I have a friend, (hard to believe I know, but it’s true) who is the only person I have ever met that can accurately predict whether or not I will like a particular band, album or piece of music. He sends me links and information on bands I’ve never heard of and would likely never discover and makes accurate predictions on the extent to which I will like them even though he knows I’ve never heard of them, never mind listened to them.
It’s a great service for me and saves me no end of time (but equally costs me a lot of money, because when he’s right, he’s absolutely right and I end up buying the entire back catalogue) but what’s really interesting about this, is that it represents a principle of a very different type of social search to the one we’ve been discussing recently around the aggregation of “sentiment” (Facebook “likes” in our case) around a given topic.
The importance of this new approach is that it deals with the assumption that “your friends are like you” that is implicit in the current method of introducing the social signal to search. Although at a high level, this assumption may be broadly right, at a more granular level it’s often completely wrong. My social network is made up of friends, family, colleagues (old and new) and a few other random acquaintances – to make the assumption that all these people are “like” me is, generically, probably true, but at a more specific level it is hideously wrong – for example, one of my brothers supports West Ham United and listens to the Smiths. Not following WHU is probably self-explanatory, but like Mitch, I must confess I never went through a Smiths phase. But I digress, my point is that just because someone in my network likes these things, does that mean I do? Of course not, generically you might infer that our connection may imply I like football and 80’s indie music but to be explicit about it would just be silly.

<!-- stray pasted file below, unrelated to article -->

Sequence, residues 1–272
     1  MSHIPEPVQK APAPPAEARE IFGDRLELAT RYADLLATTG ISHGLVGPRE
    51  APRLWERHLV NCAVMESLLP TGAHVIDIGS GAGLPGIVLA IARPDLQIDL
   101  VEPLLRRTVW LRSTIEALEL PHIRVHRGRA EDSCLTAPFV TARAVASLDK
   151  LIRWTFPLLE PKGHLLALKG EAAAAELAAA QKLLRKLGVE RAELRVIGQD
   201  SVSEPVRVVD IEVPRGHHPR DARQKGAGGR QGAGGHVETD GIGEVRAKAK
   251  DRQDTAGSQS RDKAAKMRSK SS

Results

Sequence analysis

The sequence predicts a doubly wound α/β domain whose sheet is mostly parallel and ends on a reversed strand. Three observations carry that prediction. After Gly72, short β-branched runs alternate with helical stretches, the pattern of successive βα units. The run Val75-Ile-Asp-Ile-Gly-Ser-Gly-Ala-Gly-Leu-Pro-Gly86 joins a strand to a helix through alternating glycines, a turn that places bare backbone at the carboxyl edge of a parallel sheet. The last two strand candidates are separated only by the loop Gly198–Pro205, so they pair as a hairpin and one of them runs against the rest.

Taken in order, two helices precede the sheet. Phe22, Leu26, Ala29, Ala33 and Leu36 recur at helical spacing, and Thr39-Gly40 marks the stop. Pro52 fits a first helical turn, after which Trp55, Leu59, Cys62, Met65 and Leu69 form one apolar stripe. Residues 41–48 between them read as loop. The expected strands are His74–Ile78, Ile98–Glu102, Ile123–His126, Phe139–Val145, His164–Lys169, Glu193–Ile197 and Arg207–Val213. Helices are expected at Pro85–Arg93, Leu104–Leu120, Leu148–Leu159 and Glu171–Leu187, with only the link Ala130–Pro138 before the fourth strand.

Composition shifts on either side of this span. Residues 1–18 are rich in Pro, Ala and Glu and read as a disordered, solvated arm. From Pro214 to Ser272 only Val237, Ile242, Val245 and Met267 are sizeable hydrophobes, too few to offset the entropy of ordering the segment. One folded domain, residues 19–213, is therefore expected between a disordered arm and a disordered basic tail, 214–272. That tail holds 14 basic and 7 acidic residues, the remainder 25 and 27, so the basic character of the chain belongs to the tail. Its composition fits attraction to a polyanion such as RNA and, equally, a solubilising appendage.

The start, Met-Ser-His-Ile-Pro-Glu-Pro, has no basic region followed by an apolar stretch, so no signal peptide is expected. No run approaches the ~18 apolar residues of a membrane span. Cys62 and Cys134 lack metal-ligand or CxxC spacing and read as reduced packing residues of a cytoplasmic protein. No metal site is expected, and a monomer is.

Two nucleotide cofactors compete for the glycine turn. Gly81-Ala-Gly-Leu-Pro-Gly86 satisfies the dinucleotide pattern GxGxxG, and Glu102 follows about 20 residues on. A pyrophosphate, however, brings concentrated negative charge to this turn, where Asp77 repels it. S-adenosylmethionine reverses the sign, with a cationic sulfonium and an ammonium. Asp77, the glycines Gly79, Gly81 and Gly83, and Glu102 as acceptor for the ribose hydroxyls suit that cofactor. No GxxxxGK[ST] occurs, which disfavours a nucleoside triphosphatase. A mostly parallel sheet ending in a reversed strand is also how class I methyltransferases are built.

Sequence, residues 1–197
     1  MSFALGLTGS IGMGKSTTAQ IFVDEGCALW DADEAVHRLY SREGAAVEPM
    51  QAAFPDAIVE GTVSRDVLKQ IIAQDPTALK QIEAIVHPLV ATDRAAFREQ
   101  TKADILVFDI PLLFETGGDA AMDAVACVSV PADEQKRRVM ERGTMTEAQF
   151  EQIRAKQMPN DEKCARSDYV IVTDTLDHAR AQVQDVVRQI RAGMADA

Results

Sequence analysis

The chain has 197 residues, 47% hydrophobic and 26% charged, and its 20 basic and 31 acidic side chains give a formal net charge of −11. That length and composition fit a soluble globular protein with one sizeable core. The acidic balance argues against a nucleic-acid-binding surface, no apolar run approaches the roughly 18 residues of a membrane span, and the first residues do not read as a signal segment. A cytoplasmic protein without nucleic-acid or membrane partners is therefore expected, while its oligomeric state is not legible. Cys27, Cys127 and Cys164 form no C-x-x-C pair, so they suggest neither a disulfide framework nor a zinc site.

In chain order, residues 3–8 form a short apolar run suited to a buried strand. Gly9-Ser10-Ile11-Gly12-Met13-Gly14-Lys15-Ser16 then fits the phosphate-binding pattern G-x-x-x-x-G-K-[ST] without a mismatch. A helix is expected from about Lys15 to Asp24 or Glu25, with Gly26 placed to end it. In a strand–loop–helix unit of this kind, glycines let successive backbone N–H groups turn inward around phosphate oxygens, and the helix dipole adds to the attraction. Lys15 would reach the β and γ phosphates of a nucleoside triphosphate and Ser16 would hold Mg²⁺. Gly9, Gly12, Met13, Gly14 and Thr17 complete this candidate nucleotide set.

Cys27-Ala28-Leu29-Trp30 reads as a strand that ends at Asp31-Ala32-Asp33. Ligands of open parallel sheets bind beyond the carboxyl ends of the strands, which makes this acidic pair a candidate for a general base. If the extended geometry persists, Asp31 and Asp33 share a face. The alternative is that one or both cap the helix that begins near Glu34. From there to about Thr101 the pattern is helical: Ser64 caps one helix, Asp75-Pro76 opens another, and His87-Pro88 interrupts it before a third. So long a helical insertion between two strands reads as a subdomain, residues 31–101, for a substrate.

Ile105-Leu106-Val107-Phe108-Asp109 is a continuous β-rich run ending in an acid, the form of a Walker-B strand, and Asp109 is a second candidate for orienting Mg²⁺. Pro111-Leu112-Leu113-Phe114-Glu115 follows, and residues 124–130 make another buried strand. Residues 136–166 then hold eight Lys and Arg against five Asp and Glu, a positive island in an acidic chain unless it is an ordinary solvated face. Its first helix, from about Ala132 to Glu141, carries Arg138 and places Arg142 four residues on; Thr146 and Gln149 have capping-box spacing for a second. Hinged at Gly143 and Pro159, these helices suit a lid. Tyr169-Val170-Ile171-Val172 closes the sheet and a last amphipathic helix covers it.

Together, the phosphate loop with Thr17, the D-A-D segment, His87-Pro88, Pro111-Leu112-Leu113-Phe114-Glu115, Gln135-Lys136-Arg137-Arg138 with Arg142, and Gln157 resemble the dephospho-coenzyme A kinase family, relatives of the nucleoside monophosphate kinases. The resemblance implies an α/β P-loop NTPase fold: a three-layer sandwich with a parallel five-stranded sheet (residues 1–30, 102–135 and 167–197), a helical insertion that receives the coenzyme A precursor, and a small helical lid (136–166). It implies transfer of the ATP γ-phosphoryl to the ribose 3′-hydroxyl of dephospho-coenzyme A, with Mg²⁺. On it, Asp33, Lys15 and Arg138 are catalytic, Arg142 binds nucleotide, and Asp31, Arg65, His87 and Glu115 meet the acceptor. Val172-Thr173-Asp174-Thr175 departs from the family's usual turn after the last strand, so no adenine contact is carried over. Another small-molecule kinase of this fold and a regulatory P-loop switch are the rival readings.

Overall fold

A new piece of research from our friends in MSR Cambridge is focusing on this principle, using a technique called “prediction extraction” to solicit opinions from friends as to whether they think the individual in question would like the item in question before they have even experienced it.
This approach is based on the observation that “although your friends are not you and may not have the same tastes as you, they are likely the people who actually know you best”.
You can read the detail of the approach here but essentially it offers a number of advantages, primarily around the accuracy, quality and coverage that the harnessing of this tacit knowledge brings, the real trick however is how to extract this information in a way that is easy and rewarding for the contributor and seamless for the consumer.
Predicting your friends opinions is nothing new (Mum _always_ knew best, right?, and it augments rather than replaces the “wisdom of the crowds”, but it does offer a new way of providing accurate, insightful predictions around the relevancy of a given topic or item to the individual. Going forward we’re going to need a range of these techniques if we are to truly humanise the way search provides us the answers we’re looking for.
My friend and music sensei doesn’t like the same music as me (can you believe he only has _one_ Men They Couldn’t Hang album?) but he does know me well, and he loves music – this combination alone could save HMV’s fortunes (and likely bankrupt me!).